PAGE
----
As one commentary expresses it:

There is every reason to believe that this catastrophe was co-extensive with the human population of the world. In every branch of the human family traditions of the event are found. These traditions need not be recited, though some of them bear a remarkable likeness to the Biblical story, while others are very beautiful in their construction, and significant in individual points. Local floods happening at various times in different countries could not have given birth to the minute coincidences found in these traditions, such as the sending out of the birds, and the number of persons saved.” — The Expositor’s Bible, with commentary on Genesis by Marcus Dods.

The same source makes the following observations:

“It [is important] to consider the nature of the narrative, and the common use of language among the Hebrews. And if we do so carefully, we shall surely be led to conclude, that the Deluge is described as from the point of view of an eyewitness. , , , we may remember too, that the custom of Scripture is to refer historical records to the evidence of eyewitnesses. This is very much the case in the New Testament. The Apostles and Evangelists constantly claim to have been present at the scenes which they relate (see especially Luke 1:1, 2; John 19:35; 21:24; Acts 1:3; 1 Cor. 15:3—8; 2 Pet. 1:16; 1 John 1:1); and they relate them as those scenes appeared to them. The baptism of Jesus, the transfiguration, the walking on the waters, the multiplying the loaves and fishes, the Crucifixion, the Resurrection, the Ascension, the tongues of fire at Pentecost, are all simply painted as they who were present saw and conceived of them...”

“Now just so is the Deluge described in Genesis. It is pictured, as it would have presented itself to the eyes of Noah and his family. Moreover, on the principle just mentioned, it is in the highest degree probable, that the description is really that which was given by one of such eyewitnesses. It would have been very strange if no such description had been given and preserved. Shem would almost certainly have related it, over and over again, to his children and grand-children. They would have treasured it up in their memories and have handed it on. As has been so notoriously the case among later nations (see Max Müller’s ‘Sans. Lit.’ p. 500) the very words or the original narrative would be carefully recorded from father to son, whether in writing or by oral tradition; and so, in all probability, we have in Genesis the very syllables in which the Patriarch Shem described to the ancestors of Abraham that which he himself had seen, and in which he had borne so great part. The divine authority of the narrative would be no more affected by this, than the Authority of the Gospel of ... Mark is affected by the probable fact that .Mark relates that which ... Peter communicated to him as the result of his own ocular and aural experience. Let us then view it thus. One of the eight human beings saved in the ark relates all that he saw.” 

That the Jews in ancient times were aware of the possibility that the Biblical Flood might have been a regional catastrophe is evident from the fact that the rabbis, according to the Talmud, had discussions as to whether the Flood waters had reached the land of Israel or not. (Babyl. Talmud Zeb. 113b; Gen. Rabbah 33.6; Lev. Rabbah 31.10; Cant. Rabbah 1.15, par. 4; 4.1, par. 2).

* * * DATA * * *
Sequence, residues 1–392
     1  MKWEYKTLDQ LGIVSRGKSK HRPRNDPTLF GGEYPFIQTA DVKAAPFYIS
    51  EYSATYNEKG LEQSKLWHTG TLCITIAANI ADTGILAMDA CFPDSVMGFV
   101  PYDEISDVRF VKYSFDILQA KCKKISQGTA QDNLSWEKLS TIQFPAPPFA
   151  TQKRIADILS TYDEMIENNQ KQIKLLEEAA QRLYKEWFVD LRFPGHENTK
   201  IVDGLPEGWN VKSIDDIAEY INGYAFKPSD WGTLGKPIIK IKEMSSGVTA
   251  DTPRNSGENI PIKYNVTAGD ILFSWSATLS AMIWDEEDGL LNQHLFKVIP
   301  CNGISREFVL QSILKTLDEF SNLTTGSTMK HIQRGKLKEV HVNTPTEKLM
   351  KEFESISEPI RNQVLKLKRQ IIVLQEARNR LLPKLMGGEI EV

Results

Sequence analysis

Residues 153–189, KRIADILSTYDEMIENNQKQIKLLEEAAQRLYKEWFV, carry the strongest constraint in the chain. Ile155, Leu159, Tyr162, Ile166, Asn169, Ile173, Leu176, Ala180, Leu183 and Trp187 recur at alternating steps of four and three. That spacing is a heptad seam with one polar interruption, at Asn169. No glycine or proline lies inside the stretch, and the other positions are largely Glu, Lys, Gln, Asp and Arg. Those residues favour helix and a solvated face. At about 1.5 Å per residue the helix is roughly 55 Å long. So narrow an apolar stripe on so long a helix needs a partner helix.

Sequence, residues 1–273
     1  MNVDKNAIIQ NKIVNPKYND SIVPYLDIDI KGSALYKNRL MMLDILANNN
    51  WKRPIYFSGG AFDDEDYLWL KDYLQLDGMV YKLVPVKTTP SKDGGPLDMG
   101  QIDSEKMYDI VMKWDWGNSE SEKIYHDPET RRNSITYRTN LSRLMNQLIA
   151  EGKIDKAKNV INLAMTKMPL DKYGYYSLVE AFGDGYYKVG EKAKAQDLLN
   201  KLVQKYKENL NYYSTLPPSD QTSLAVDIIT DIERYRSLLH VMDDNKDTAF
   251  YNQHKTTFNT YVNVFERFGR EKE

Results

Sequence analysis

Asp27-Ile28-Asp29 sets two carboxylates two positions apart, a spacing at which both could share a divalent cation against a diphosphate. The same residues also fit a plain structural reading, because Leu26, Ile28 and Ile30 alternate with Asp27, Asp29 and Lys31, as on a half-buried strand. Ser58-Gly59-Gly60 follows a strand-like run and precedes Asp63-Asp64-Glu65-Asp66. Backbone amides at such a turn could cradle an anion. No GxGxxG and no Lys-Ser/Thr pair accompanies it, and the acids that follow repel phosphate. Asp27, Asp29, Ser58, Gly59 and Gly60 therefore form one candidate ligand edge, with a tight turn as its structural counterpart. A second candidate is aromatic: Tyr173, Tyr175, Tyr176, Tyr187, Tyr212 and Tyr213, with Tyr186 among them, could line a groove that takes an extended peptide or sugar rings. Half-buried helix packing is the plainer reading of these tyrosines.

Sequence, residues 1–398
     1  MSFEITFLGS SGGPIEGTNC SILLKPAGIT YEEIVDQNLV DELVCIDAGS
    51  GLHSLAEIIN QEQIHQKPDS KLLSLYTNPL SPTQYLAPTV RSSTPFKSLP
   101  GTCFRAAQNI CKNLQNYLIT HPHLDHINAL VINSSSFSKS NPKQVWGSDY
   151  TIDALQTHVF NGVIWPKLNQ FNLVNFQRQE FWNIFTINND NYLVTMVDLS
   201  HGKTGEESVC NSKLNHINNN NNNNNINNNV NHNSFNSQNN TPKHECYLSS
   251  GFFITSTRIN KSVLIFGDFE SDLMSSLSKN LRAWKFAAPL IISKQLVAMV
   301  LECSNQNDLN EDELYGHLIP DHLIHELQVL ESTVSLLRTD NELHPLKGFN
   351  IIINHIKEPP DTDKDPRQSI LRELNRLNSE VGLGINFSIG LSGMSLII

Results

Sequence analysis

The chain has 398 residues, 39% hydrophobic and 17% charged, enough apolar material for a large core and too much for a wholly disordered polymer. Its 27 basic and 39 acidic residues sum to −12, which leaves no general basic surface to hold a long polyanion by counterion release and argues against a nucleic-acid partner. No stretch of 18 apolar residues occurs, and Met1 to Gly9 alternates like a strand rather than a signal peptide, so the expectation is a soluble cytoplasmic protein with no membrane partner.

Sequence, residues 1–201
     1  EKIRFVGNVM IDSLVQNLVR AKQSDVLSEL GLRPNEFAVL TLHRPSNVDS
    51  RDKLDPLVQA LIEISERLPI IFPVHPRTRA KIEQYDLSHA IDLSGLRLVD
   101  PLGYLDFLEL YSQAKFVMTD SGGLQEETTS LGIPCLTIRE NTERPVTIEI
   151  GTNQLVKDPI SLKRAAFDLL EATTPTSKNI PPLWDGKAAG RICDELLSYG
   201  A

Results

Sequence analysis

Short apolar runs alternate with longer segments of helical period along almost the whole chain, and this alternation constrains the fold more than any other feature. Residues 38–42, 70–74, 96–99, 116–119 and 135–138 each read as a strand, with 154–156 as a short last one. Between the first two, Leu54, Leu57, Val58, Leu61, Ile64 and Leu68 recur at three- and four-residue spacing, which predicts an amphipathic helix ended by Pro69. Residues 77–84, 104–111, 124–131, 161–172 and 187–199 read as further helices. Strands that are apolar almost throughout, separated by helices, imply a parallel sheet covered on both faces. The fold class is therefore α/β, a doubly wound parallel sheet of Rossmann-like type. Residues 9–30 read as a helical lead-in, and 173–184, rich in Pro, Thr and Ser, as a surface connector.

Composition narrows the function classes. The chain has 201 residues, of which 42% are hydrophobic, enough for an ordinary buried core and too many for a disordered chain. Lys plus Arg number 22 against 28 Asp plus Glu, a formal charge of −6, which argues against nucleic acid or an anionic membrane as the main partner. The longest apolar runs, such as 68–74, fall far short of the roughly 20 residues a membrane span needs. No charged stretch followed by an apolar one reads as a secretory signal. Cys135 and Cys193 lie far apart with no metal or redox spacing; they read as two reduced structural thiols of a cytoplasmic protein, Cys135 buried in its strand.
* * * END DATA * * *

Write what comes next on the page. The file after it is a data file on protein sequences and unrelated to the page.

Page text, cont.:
“MOUNTAINS” OR “HILLS”?

According to Genesis 7:19 the waters of the Flood covered “all the high mountains under the whole heaven.” This does not necessarily mean that the waters covered all the high mountains of the entire planet. “Under the whole heaven” may simply mean that the waters covered all the mountains above the horizon visible to the people on the ark. We may first note that the Hebrew term (sha.may.im) rendered “heaven” has a range of applications.

At Deuteronomy 4:17; 1 Samuel 17:44 it refers simply to the air above the land, in which birds fly. The high-walled cities of Canaan were described as “fortified to the heavens” (Deut. 9:1). Thus “under the whole heaven” can correctly mean all within view from horizon to horizon.

Further, the Hebrew plural noun harim can mean either “mountains” or “hills”. Not only the translators of King James Version, but also the modern translators of the New King James Version translate harim as ”high hills” at Gen. 7:19. So does also Bullinger in his The Companion Bible: “All the high hills, that were under the whole heaven, were covered.” Ferrar Fenton’s The Five Books of Moses, too, has ”all the hills”, but adds “and mountains”. These translators chose the word ”hills”, certainly not because they believed the Flood was local, but because this was what the word harim often meant, and because they felt it was quite proper to render it this way in this context. This would be especially appropriate if the Flood account, as is commonly believed, was the testimony of people who had lived in Mesopotamia, where the only “mountains” the inhabitants could see were hills. For someone living in southern Mesopotamia, like Ziusudra who lived in the city of Shuruppak between the rivers of Euphrates and Tigris, the high Persian mountain range in the east was 250 kilometers away and could not be seen because of the curvature of the earth’s surface.